Cobb warming up to his role on UConn basketball team

Storrs — When his post-practice interview session ended Sunday afternoon, Eric Cobb approached every reporter and gave each a handshake.

Cobb, a junior college transfer from Jacksonville, Fla., is dishing out his brand of southern hospitality, and also warming up to playing for the UConn men's basketball team.

At 6-foot-9, 280 pounds, Cobb has potential to provide a much-needed physical presence in the low post, and his teammates enjoy having the humble and engaging Cobb around.

"A big guy from Jacksonville, Florida," sophomore Christian Vital said. "I appreciate him and his effort. He's a great teammate to have and I'm really excited that he joined this program because he's going to help us a lot this year."

Expect Cobb to be in the starting lineup for Monday's exhibition game (7 p.m., XL Center) against Merrimack, a Division II program with nine NCAA tournament appearances.

Coach Kevin Ollie believes Cobb can be a valuable asset in a rebuilt frontcourt.

"We want him to help us on the backboards," Ollie said. "He's a great passer. So on the offensive end it allows the four man or five man to step out and we can run some stuff with him. ... He's going to be a reliable guy we can throw it in the post to. He made one good move (against Providence), a nice little jump hook move."

Cobb hopes to stay on the court longer Monday than he did against Providence, which ended UConn's streak of 46 straight exhibition wins covering 24 years. Foul trouble limited him to just 12 minutes, as he finished with four fouls, four points, three rebounds and a steal.

Active from the opening tip, Cobb grabbed three rebounds in the first 2:18. But then fouls started to pile up, curtailing his contribution for the remainder of the game.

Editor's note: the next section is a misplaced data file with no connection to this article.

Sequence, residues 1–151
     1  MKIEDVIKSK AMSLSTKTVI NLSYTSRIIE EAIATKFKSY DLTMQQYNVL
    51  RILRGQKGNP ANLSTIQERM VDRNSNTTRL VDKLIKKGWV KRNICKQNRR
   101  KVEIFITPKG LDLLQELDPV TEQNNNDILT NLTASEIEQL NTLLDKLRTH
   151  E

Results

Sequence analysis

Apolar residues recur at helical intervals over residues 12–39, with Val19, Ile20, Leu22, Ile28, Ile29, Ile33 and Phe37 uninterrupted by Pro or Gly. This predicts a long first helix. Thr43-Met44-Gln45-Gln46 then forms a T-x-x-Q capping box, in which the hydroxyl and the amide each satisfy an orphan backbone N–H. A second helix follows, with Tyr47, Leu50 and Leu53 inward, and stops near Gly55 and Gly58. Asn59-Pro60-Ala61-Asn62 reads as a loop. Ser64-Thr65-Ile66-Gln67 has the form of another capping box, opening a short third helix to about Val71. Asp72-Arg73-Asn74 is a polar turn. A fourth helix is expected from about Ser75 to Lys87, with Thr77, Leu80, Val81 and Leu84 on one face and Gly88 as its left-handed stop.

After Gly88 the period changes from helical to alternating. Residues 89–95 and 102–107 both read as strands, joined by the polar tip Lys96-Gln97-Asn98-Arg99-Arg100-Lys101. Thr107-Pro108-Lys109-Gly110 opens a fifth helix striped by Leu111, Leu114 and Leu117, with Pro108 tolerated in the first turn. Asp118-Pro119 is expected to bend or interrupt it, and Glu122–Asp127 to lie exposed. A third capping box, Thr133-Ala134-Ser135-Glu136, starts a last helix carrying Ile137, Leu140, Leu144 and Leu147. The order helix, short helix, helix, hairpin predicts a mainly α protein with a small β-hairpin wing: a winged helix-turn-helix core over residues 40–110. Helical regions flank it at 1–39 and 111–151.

"I feel like they're calling a lot of weak fouls," Cobb said of the PC game. "Like, I'm strong. What are we in the weight room lifting for? So I've to adjust to the system and get better."

The challenge for Cobb and his fellow frontcourt newcomers is learning how to stay aggressive without drawing the attention of the officials. Freshmen Tyler Polley and Josh Carlton, as well as redshirt freshman Mamadou Diarra, who fouled out in just six minutes, also spent too many minutes watching from the bench against Providence.

Of the frontcourt newcomers, only freshman Isaiah Whaley avoided foul trouble in his 15 minutes. Sophomore forward Kwintin Williams had just two minutes of action but Ollie expects to play him more against Merrimack.

To help limit fouls, the UConn coaching staff is preaching to the players to move their feet, communicate on defense and stay away from playing with their hands. Also, it's up to them to understand the way officials are calling the game and adjust to that.

"You've to understand that the ref is not going to change," Ollie said. "They're going to pretty much tell you in the first five or 10 minutes of the game how they're going to play. As a smart player, if you've got one foul, I'm not saying you're going to be less aggressive, you must be a smarter defender where you don't get your hands caught in the cookie jar.

"These are all new guys. (Wednesday) was their first exhibition game, so you're going to see that. If these guys had played two seasons so far, then I'd be more disappointed. But it is a learning experience for these guys."

For the second straight exhibition game, UConn will likely be without graduate transfer David Onuorah, a 6-9 forward. He's still recovering from a hip injury and been limited in practice. UConn is taking a cautious approach with Onuorah so the injury won't prevent him from playing in the season opener against Colgate on Nov. 10.

"We'll just get him warmed up and get him some treatment again and see if he progresses," Ollie  said. "He was limited in practice today. I pretty much don't see him going."

In Monday's exhibition, the Huskies will be targeting improvements on both ends of the court after shooting just 37.1 percent from the field against Providence. Ollie also counted only three passes into the post, so that number needs to rise.

"Hopefully, we'll make some more shots, that's the first and foremost thing," Ollie said. "And then you can't allow teams to shoot 66 percent. I know I had some funky lineups out there because of the foul trouble. And then also it's an exhibition game, I want to play everybody, get them out there so they can get familiarized with the pace of the game."

g.keefe@theday.com

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